According to the National Research Council (USA), the daily requirement of ribotlavin is related to the size of the body, the metabolic rate and the rate of growth. These factors are directly linked to each individual's protein and calorie intake. The recommended daily dose is 1.5 mg for 11 to 14 year old males, 1.8 mg for 15 to 18 year old, 1.7 mg for 19 to 50 year old, and 1.4 mg for 50 year old. on. Per women, on the other hand, the recommended dose is 1.3 mg from 11 to 50 years old and from 50 upwards, 1.2 mg. Pregnant women should add 0.3 mg, women who breastfeed during the first six months need a supplement of 0.5 mg and for the next six months 0.4 mg. Children from 1 to 3 years should take 0.8 mg, from 4 to 6 years 1.0 mg, and from 7 to 10 years 1.2 mg is sufficient. Infants up to six months need 0.4 mg and from six months to one year, 0.5 mg. People who play sports should take 2 to 2.5 mg per day.
There is no known toxicity of riboflavin. However, prolonged intake of high doses of any of the B vitamins, including riboflavin, can lead to large losses of other B vitamins. So it is important to take the complete B complex with any single B vitamins.

Deficiency effects and symptoms

Unlike thiamin, riboflavin is not found in many foods, so the most common cause of a deficiency is an unbalanced diet.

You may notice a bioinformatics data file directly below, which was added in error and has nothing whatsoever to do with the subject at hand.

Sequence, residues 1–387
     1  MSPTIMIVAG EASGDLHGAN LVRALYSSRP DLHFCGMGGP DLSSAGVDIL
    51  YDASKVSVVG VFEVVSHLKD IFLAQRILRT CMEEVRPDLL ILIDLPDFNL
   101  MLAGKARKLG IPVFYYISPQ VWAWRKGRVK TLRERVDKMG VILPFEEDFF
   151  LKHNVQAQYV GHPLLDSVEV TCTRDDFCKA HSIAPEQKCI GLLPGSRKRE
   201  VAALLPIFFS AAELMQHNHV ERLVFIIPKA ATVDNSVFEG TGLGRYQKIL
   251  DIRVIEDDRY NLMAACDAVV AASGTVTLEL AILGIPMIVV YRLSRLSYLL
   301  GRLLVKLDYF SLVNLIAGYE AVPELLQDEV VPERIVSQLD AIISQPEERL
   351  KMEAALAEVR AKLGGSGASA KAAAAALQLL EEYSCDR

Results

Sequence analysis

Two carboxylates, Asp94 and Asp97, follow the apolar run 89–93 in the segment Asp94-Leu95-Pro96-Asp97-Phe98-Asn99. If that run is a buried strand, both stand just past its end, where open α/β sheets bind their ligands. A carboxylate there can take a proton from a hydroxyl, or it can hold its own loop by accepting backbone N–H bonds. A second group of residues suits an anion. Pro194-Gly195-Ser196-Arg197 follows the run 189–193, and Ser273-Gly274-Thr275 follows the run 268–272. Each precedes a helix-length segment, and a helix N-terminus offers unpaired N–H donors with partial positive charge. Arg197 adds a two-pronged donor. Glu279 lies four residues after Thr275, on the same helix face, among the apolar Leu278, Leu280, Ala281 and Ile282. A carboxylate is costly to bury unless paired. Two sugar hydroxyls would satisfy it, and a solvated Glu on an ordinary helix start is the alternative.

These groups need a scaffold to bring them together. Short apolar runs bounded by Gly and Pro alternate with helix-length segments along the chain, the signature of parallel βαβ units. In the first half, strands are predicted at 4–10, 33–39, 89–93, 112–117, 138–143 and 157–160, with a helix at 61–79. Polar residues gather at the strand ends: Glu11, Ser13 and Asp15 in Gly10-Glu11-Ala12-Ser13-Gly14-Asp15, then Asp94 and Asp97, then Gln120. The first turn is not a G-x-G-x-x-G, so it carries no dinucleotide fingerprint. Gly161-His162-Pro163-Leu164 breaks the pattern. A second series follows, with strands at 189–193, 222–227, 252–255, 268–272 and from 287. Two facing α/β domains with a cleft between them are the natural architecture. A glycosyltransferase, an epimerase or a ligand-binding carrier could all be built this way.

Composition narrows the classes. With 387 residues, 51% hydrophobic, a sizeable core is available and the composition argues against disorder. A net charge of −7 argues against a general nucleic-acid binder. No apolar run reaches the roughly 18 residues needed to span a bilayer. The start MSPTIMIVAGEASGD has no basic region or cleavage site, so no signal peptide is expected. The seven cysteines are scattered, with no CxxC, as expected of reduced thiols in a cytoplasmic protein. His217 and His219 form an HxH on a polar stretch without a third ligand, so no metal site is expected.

Vitamin deficiency of ribotlavin can result from one or more of the following factors: (1) long-standing poor dietary habits; (2) food preferences; (3) arbitrarily chosen diets to treat symptoms of digestive problems; (4) the prolongation of a restricted diet for the treatment of a disease such as peptic ulcer or diabetes. Deficiency is also common among older people with poor eating habits, people who have had surgery, and people who drink too much alcohol and lose their appetite.
The deficiency of this vitamin occurs mainly on the skin and mucous membrane. The most common symptoms of vitamin B2 deficiency are: cracks and sores in the corners of the mouth, lesions of the lips, red and sore tongue, a sensation of dust and sand inside the eyelids, burning eyes, tired eyes, dilation of the pupil, corneal changes, photophobia. Peeling around the mouth, nose, ears and forehead, vaginal itching, oily skin, eczema on the face and genitals, and baldness are other symptoms of deficiency. Vitamin B2 deficiency can cause certain types of cataracts and can also cause ridge loss. Experimental studies have shown that some forms of cancer can be linked to vitamin B2 deficiency.